An Iranian military commander on Monday said Tehran would not close the Strait of Hormuz as long as it is able to use the vital shipping line itself, watering down threats made by politicians to block the waterway as retaliation for sanctions.
Members of the parliament and government officials have repeated threats to block the strait – the strategic Gulf passageway through which 40% of the world’s seaborne oil exports passes – in response to sanctions or military action.
“The enemies constantly state that the Islamic Republic of Iran intends to close the Strait of Hormuz but we say that common sense does not dictate that Iran would close the Strait of Hormuz as long as it makes use of it,” state news agency IRNA quoted Alireza Tangsiri, deputy naval commander in Iran’s Revolutionary Guards, as saying.
Foreign Minister Ali Akbar Salehi told Reuters earlier this month Iran was unlikely to follow through on the threat unless its own vessels were denied use of the strait. He admitted that such a move would risk a military response from the United States and other Western powers.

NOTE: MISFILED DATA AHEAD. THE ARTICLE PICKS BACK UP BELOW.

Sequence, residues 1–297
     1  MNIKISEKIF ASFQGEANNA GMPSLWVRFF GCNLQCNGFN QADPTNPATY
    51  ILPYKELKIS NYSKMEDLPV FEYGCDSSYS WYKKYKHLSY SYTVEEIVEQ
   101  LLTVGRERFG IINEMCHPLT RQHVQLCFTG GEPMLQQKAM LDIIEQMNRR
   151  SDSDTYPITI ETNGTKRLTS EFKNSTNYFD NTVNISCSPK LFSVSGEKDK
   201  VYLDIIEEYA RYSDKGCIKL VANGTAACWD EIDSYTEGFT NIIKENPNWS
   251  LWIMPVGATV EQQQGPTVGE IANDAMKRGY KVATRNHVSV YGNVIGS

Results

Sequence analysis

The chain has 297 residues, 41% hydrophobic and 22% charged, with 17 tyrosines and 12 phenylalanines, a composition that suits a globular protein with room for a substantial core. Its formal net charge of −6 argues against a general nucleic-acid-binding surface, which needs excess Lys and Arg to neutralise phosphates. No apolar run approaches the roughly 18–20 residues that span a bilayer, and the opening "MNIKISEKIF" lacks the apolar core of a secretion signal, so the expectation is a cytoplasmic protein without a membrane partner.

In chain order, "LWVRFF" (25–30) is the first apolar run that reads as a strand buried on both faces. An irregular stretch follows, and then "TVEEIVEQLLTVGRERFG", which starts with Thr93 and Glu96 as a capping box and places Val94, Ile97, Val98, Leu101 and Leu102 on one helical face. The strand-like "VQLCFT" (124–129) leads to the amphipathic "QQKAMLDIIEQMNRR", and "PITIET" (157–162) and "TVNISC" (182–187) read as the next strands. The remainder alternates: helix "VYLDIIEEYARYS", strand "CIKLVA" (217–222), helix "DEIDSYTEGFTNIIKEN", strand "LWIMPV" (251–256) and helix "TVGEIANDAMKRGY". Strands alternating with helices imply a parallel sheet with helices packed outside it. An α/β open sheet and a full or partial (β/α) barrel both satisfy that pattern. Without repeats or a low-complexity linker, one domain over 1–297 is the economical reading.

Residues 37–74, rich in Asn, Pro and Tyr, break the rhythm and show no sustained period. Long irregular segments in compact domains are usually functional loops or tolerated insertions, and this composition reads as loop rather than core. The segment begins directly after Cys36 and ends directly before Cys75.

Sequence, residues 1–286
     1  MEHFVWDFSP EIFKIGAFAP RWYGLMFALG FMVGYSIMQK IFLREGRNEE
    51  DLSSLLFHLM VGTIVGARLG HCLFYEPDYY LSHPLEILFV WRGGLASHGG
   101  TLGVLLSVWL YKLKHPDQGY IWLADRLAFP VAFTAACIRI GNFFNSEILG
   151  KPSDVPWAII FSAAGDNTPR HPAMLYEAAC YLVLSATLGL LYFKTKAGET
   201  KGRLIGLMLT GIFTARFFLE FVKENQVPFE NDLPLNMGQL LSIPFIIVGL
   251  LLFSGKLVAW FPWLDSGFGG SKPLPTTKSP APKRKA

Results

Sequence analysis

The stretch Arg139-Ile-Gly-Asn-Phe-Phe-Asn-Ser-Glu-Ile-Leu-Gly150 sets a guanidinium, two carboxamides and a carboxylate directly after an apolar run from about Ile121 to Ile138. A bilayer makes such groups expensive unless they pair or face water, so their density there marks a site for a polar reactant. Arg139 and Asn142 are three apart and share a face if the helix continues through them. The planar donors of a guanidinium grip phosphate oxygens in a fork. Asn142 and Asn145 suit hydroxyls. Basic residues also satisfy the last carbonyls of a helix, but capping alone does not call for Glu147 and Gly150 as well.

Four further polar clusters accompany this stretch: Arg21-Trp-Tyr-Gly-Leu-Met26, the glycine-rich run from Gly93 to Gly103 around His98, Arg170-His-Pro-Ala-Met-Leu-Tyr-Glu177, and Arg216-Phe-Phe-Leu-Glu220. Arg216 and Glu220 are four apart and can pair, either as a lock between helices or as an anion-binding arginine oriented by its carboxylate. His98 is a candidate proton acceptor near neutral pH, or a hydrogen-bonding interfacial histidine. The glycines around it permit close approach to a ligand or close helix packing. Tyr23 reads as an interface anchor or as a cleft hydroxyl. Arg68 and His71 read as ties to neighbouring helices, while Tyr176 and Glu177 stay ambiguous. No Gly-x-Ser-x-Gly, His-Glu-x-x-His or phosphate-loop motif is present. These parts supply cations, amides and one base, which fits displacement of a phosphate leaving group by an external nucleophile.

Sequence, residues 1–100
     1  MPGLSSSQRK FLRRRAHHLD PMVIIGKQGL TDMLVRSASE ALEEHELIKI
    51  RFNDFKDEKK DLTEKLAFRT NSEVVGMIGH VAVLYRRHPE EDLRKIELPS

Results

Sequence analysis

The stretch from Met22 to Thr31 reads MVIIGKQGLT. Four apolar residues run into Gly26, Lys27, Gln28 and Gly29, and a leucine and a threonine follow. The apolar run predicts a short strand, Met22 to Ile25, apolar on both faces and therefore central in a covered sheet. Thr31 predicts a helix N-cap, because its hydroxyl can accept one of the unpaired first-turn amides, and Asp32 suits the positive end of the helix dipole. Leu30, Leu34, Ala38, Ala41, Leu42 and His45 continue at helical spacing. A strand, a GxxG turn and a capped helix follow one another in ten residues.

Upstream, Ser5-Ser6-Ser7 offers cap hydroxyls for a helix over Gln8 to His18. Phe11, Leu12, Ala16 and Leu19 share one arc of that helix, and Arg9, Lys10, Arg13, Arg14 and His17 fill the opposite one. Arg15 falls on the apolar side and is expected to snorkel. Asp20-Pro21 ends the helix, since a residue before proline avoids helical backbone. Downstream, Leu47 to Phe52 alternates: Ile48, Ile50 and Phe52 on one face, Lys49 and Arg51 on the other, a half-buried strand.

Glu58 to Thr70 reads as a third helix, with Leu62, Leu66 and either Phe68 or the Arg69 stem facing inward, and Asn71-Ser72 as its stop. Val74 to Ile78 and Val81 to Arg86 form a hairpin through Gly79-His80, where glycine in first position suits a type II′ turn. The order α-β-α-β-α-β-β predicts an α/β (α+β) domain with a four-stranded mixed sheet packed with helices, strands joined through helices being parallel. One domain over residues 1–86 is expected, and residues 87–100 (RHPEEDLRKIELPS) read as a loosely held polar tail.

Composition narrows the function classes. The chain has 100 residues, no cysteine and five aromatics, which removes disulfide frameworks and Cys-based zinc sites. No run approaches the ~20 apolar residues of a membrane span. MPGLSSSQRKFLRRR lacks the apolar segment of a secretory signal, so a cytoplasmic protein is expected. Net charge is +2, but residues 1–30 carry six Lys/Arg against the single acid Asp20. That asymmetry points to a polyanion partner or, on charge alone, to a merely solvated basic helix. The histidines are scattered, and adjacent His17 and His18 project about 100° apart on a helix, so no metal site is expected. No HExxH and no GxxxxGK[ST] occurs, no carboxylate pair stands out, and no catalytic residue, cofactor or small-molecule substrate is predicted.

Iran’s parliament is debating a bill recommending the strait be closed in retaliation to a European Union embargo on Iranian oil which came into full effect this month.
US and other Western nations insist sanctions are aimed at forcing Tehran to curb the nuclear activities aimed at developing weapons capability. Iran outrightly dismisses the accusations. Several round of talks between Tehran and world powers on the issue have stalled during the previous weeks.